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0

should I just get down the local shop and have them replace the retainers? Or would it be better to replace the entire headset Replacing the bearings and retainers is cheap and easy (you should be able to do that yourself), you just need to work out what size you want. Since you have all the parts, measure the size of the ring and the bearing diameter ...


0

I would be inclined to replace the headset. It's a simple fix, guaranteed result.


2

It looks to me like you just lost the nut. A stainless steel nut and washer or a stainless steel nylock nut would work best for this application. These options would help prevent the nut from coming loose and falling off again. You could also try using threadlock to help secure the nut as well.


1

You need Leather washers in between the metal fender and frame. a washer and locking nut to secure the fixing bolt. For detailed instructions on metal fender install see the detailed Velo Oranges fender manual.


3

The "bottom bracket" assembly is loose. It may just be that it's a one-piece "cartridge" and is rattling around in the frame, or it may be that the unit is "loose bearings" and the bearing caps need to be adjusted. Or there may have been some sort of failure of the bearings. Regardless, the whole mess will need to be disassembled to a degree, and that ...


0

Looks to me like it is an american to square taper conversion BB, they look like this out of the frame if that is indeed what it is. If that is correct it may just need tightening, also if the BB shell hasn't been damaged you can just get replacement bearings from you LBS if just the bearings are bad. Either option is relatively inexpensive. Tool wise if ...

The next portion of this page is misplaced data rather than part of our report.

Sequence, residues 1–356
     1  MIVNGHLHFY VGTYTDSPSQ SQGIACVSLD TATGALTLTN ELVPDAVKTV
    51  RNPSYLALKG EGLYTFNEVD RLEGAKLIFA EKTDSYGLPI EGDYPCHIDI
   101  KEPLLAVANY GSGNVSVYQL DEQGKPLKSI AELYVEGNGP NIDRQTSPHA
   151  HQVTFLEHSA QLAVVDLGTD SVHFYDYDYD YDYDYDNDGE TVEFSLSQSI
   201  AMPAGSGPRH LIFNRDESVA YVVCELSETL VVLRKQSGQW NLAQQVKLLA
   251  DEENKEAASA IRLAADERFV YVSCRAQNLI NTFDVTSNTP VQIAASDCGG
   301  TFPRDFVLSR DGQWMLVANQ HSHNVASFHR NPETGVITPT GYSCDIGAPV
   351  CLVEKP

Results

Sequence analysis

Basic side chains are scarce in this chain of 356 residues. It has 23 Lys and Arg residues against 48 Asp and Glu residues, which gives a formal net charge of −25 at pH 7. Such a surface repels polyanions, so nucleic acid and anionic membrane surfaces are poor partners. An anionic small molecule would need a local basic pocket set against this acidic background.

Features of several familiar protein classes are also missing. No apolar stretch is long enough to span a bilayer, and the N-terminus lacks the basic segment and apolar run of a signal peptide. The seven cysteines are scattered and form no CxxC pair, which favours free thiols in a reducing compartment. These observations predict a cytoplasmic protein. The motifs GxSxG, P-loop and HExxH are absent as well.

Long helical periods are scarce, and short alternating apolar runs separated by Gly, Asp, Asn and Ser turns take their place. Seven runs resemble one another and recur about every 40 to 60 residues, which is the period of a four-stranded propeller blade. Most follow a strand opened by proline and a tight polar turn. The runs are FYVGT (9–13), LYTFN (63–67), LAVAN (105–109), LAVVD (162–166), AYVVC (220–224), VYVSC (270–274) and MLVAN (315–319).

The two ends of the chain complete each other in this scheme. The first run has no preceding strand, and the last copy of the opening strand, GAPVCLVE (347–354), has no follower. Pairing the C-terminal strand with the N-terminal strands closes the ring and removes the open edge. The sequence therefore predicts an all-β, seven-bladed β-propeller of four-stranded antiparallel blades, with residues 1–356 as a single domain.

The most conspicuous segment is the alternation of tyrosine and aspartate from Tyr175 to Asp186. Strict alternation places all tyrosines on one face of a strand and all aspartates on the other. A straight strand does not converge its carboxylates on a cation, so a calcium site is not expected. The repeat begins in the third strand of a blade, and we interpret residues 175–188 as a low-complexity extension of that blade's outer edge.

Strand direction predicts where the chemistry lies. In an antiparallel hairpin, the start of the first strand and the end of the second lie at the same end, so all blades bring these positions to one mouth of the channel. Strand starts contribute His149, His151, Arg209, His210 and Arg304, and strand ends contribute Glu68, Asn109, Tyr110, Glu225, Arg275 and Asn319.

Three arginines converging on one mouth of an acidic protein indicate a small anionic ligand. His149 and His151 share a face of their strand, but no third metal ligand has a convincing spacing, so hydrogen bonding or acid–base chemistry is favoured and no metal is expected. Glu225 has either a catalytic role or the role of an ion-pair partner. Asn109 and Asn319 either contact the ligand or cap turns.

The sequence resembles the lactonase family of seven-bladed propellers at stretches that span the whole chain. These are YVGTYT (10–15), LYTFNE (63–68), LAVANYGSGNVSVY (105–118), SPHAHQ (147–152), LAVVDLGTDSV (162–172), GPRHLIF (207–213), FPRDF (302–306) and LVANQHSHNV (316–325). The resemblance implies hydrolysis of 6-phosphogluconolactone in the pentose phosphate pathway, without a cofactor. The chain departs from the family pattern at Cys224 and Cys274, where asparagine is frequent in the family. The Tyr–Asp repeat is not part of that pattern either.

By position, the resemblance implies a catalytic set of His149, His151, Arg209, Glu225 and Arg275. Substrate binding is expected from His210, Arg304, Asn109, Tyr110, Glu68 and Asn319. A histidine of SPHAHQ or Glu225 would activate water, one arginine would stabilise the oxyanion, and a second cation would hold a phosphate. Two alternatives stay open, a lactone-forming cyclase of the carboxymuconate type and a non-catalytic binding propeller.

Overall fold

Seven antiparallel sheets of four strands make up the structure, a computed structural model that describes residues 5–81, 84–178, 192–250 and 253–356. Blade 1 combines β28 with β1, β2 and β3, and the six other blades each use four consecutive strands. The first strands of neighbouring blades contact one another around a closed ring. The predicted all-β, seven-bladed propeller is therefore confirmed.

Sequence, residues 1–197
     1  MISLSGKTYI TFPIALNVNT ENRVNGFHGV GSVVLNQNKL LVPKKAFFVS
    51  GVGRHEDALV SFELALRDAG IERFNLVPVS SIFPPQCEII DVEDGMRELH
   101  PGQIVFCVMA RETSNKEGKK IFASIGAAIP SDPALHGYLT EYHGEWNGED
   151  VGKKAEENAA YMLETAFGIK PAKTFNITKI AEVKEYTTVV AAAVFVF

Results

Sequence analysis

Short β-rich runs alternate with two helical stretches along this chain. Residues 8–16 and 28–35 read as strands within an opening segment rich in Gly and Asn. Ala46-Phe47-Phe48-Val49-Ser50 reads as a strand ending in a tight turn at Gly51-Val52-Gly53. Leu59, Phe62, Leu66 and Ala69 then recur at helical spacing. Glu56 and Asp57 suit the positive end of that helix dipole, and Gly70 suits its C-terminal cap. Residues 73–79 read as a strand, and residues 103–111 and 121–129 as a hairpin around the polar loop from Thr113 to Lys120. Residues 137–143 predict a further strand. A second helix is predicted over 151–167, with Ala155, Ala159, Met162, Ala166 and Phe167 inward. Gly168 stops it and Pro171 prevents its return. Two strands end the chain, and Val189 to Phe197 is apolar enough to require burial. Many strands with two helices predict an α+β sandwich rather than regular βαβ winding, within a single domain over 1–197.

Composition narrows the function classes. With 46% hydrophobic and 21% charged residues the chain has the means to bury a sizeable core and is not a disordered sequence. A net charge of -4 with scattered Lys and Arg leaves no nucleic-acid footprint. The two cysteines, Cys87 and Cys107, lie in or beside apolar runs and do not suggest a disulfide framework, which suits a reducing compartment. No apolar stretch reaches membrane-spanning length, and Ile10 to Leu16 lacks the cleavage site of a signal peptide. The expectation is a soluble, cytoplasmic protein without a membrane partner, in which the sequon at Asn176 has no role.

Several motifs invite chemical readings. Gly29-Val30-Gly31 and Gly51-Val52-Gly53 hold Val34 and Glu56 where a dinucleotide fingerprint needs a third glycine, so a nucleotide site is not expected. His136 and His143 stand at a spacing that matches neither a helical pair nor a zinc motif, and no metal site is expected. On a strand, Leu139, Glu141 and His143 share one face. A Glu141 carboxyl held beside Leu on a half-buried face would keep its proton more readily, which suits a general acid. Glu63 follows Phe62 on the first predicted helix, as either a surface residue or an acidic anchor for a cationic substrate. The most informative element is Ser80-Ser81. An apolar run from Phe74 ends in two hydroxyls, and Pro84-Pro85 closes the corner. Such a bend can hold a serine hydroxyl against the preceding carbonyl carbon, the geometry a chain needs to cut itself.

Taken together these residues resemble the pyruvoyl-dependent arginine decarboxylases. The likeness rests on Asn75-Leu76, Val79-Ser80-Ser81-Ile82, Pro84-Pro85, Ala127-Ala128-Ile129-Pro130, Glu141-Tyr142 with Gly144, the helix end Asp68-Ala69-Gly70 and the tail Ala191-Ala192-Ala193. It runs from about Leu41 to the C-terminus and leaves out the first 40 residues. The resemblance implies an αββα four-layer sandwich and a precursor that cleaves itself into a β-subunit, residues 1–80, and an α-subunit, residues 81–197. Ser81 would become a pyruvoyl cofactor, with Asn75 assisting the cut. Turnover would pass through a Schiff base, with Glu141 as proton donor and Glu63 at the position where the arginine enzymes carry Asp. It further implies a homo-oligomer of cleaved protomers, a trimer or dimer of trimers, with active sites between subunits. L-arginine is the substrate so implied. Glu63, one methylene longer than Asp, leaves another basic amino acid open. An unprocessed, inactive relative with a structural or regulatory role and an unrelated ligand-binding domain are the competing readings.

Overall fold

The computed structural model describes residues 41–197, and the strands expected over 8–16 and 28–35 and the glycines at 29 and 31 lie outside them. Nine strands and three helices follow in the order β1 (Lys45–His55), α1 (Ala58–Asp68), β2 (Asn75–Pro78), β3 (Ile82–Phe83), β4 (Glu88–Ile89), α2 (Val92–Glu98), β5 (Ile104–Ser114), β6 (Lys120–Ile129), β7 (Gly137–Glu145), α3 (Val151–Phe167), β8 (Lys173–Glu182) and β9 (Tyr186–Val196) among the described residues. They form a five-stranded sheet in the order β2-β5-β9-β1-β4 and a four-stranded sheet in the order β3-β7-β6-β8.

0

I worked with someone who was a bike designer at cannondale a few years ago. He had told me the frames were designed to be cycle loaded 1,000,000 times before failure. So that means the frame could be loaded to the full design stress one million times before failure. Also welding a cracked frame is a VERY bad idea. The aluminum is heat treated. Welding it ...


2

For the fiddly stuff (screws, cable ends) one of those could work. They are not very durable, but are extremely inexpensive (I got an identical box for under 1EUR). Look in the electronics (soldering equipment, wires, inexpensive speakers, PCB audio amplifiers) kind of stores.


6

I'd be very tempted to make a tool roll. You'll need access to a sewing machine that can handle 2-3 layers of canvas, but even most home machines will do that if you're careful (and buy a canvas needle!) You see them mostly today with sets of ring spanners, made of cheap plastic. But in the older days people would generally make them out of canvas, often ...


2

I have built a number of workstands in the past, and it's very difficult to get something as good as the clamp that comes with a decent bought one. Also, many of the cheap "home" stands have useless clamps that make them not worth the hassle. In my experience Park workshop stands are the best, and the copies of those work just as well. Buy the clamp and bolt ...


6

There are a number of options, and this partly depends on how thorough a kit you need to carry with you. (i.e everything for every job, or a typical mechanic's pit kit) The best traveling tool kit I've found is made by B&W International. Their Bike Buddy case is sold either with or without tools included, and is a carry-on friendly, rolling hard ...


2

I can't imagine a backpack being a good place for tools in the long run. The lack of structure would drive me bonkers- it'd be so easy to keep losing those little bits in all the cloth folds and seams. If you wanted to go this route, I'd look into bags aimed at photographers since they come with lots of little, structured pockets. This is probably the most ...


3

The spokes support the wheel under compressive load. The rim in itself is relatively weak in compression. Of course, losing a spoke means that the remaining spokes have to carry increased load and you risk breaking more spokes or buckling the rim beyond repair. (Note: minor buckles can be removed through "truing" the wheel, a process of adjusting spoke ...


0